Perspectives on the Acute Care Continuum

The Acute Care Continuum is the integration of urgent, emergent, inpatient and post-discharge care of patients with acute medical conditions.

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​You'll never find a bigger supporter of healthcare reform than me. My dad had a heart attack — while uninsured. My mom had chemotherapy — while uninsured. When my mom was able to enroll in an exchange plan in fall of 2013, our family breathed a monumental sigh of relief.
 
A year later, my mom lost her part-time retail job. From a healthcare point of view, this shouldn't have been a big deal. She was insured through the federal exchange, not her job.
 
Unfortunately, the insurance company didn't see her that way. They informed her that because of her decreased income, she was no longer eligible for an exchange plan. To stay on the exchange in 2015, she would first have to apply to Medicaid — and be denied. Read More...
2/12/2015 5:54:56 PM | 1 comments

In Tuesday's post, Gail Silver, MD, discussed the evolving role of the emergency department (ED) within the Acute Care Continuum. As an urgent care provider, she was concerned about the number of highly acute patients presenting to her practice when they clearly needed emergency care. She noted that in addition to providing life-saving care, EDs also offer care coordination services that connect high-risk patients with needed follow-up and community resources.
 
As an emergency physician, I strongly agree that EDs can and should play a pivotal role in facilitating transitions of care — and ultimately in breaking the cycle of repeated ED visits and hospitalizations that underserved patients often experience. I feel fortunate that my state (Oregon) is pioneering an approach that could serve as a blueprint for coordinated care programs nationwide. Read More...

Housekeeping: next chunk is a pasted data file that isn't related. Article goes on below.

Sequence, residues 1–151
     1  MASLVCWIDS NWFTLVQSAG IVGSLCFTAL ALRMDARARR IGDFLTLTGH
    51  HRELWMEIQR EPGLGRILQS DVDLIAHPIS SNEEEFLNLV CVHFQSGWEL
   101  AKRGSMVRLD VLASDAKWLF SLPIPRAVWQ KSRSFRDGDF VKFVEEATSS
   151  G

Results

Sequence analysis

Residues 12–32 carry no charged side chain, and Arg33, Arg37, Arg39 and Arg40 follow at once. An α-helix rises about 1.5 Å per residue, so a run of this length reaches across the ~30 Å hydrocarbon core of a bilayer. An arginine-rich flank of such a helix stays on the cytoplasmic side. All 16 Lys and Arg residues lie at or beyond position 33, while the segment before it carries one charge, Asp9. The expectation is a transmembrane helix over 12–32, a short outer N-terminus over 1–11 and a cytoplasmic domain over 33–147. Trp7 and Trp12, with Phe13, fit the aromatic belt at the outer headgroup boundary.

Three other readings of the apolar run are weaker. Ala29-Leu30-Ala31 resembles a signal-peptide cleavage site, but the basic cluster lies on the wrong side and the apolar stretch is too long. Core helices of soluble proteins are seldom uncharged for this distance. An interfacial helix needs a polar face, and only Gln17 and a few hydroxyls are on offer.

1/8/2015 12:28:01 PM | 1 comments

As a physician whose practice straddles both acute and primary care, I fully support the goals of the Affordable Care Act. I'm all for patients having better access to high-quality care. And I do think that population health management (PHM) — the idea of actively guiding patients to appropriate care — has great potential to improve health outcomes and relieve the financial burdens of waste and fragmentation.
 
What I don’t like is when an 85-year-old with an altered level of consciousness is directed to our outpatient center in the name of cost containment. Unfortunately, this sort of thing has been happening a lot lately, and it has me worried. So while I agree with the goals of the law, I do have some concerns about how it's being applied. Read More...
1/6/2015 3:48:02 PM | 1 comments

​Engaging patients in their own health management is a perennial problem for healthcare providers — and for society as a whole. Preventable chronic illnesses like obesity and heart disease cost our country a trillion dollars per year in medical costs and lost productivity.
 
Study after study demonstrates that even modest lifestyle changes can slash the mortality and morbidity associated with these conditions — and curb the crippling costs of caring for these patients. However, providers can only do so much when an estimated 50 percent of patients don't adhere to their recommendations. Read More...
11/18/2014 5:31:50 AM | 0 comments

In Part 1 of this series on healthcare reform and healthcare costs, I discussed how implementation of the Affordable Care Act (ACA) has led to unintended consequences that appear to be driving up healthcare costs.
 
To recap: national healthcare spending increased 3.6 percent to $2.89 trillion in 2013 and is expected to increase by as much as 6.5 percent in 2014. By comparison, the United States GDP increased 3.4 percent in 2013. Healthcare spending already accounts for a staggering 17.9 percent of that GDP, which has serious economic implications for our country. Read More...
10/28/2014 10:34:08 AM | 0 comments
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